SHERIDAN — About 30 people gathered Wednesday at Sheridan College for a full day of training regarding how to better understand and assist under-resourced college students.
Bethanie H. Tucker, an education author and consultant with aha! Process — a training and publishing company focusing on increasing awareness about the contributing factors and effects of poverty — led a presentation on a variety of topics to help college faculty and staff connect with students.
The Sheridan College TRIO program sponsored the event and hosted Tucker in Wyoming after positive response to a similar workshop she led at Gillette College last year. Several Sheridan College employees attended, as did Gillette College employees and members of the TRIO program at Northwest College in Powell.
Tucker is a co-author of the book, “Understanding and Engaging Under-Resourced College Students: A fresh look at the influence of the economic class on teaching and learning in higher education.” Audience members could take the book home with them after the event.
She said most people tend to think of poverty in terms of money. In reality, finances are an important factor but not the only aspect. Other areas related to poverty include the lack of role models, languages, knowledge of hidden rules, motivation, integrity, support systems and sense of purpose.
In general, Tucker said education involves reframing situations and ideas so people can see the world through a different lens. She also made a point near the beginning of the day that her work is based on patterns, all of which have exceptions.
Tucker began with some background information about herself and why she still has challenges with trust and integrity from growing up in a low-income household. Even though she theoretically knows what to do in almost every situation, Tucker still struggles, meaning that personal improvement is an ongoing process for everyone.
“It takes a lifetime to become an overnight success,” Tucker said.
At one point, audience members talked for several minutes with people about hidden rules, including the differences in humor between people from different socioeconomic backgrounds or different countries and different views of higher education.
Tucker gave the example that college is mostly geared toward middle class norms, so a person coming from a lower-income socioeconomic background may struggle to adjust to the unwritten rules and seemingly foreign terminology. If one student comes from a family where college is expected and encouraged, he or she will have a much different viewpoint than a student whose family makes fun of him or her receiving a degree.
Joseph Aguirre, director of the Sheridan College TRiO and College Success Program, said the event ideally will form a better understanding across campus among at-risk students, staff and instructors.
Tucker said potential ways to improve a sense of connectedness include creating clubs or activities that do not require time or effort. Along those lines, attendee Sarah Heuck Sinclair, the Sheridan College chair of the social science, humanities, English and education department, said the campus could start a mandatory first-year orientation experience for every student to meet others.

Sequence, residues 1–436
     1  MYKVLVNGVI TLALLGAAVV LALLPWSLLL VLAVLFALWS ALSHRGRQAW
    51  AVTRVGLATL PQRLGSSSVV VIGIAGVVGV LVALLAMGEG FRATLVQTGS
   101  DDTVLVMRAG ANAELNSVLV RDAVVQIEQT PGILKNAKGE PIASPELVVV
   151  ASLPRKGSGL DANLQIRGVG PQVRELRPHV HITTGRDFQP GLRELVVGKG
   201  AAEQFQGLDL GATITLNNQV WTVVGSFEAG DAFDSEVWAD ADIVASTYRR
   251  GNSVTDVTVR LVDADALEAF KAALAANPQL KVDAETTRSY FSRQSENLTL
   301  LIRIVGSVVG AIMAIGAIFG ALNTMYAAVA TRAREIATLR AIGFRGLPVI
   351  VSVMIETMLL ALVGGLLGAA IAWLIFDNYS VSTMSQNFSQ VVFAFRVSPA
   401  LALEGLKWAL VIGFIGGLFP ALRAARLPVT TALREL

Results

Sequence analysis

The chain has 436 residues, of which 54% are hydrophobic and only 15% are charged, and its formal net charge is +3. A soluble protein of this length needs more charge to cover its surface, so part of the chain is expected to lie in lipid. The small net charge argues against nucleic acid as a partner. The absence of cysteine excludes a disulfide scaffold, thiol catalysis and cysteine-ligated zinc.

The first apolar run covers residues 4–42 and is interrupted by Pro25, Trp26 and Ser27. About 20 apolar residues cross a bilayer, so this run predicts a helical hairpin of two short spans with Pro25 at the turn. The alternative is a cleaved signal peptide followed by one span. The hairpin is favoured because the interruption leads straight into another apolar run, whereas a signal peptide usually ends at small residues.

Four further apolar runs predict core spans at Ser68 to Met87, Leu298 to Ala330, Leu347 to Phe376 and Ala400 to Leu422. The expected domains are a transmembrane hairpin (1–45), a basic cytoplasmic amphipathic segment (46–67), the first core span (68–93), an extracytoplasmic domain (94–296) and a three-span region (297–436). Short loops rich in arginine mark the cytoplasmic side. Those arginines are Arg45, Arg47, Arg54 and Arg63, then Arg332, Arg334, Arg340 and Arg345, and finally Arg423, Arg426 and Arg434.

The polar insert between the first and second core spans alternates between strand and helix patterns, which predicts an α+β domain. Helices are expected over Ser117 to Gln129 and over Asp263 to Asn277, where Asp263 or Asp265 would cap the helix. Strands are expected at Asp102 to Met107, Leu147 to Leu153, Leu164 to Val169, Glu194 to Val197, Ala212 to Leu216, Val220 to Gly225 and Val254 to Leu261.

Tucker has also been working on a book about motivation for the past eight years and concluded that the three major components in motivation are sense of competence, courage and heart.
Tucker gave small, concrete examples to help students with these categories. If a student has low confidence, for example, a support staff member can change his or her computer password to a phrase of positive reinforcement such as “LucyisCompetent” or “LucyisGrowing.”
To develop self-compassion in students, Tucker suggested having them write a letter to themselves from the perspective of a person who cares about them.
Tucker said some students don’t have a concept of the future because they live in “the tyranny of the moment.”
To help mitigate that, she shared an example of students writing down consequences when weighing significant decisions like staying in college or dropping out.
“Retention is not a year at a time,” Tucker said. “Retention is a day at a time or an hour at a time.”
Sheridan College TRIO retention coordinator Ron Winters concurred. Winters mentioned the multitude of variables to consider when a student comes to him with an issue. He said sometimes a student might be on the tipping point about whether to stay in school or not.
In those pivotal moments, Winters said remembering to briefly take a step back could help, rather than trying to immediately fix the problem. Using some of Tucker’s advice, Winters said he could ask questions to the student and they could work out the possibilities together and think through the best plan to move ahead.
Winters hoped the training encouraged small moments of epiphany for teachers and staff to deal with students in different, more productive ways.
Sheridan College interim theatre faculty Aaron Odom appeared to be one of those instructors. Odom attended Tucker’s presentation last year and was interested in learning more about poverty not being strictly limited to financial constraints.
Odom appreciated Tucker’s insight that education constitutes the reframing of perspectives and said there are so many different aspects of students’ lives he hadn’t previously considered.
“Sometimes you’re like, ‘I can’t believe I hadn’t been thinking about that,’” Odom said.
While the training did not provide a panacea for all of the challenges on campus, it potentially resulted in a small step toward improving relationships between under-resourced students and the people in positions to help them along the way.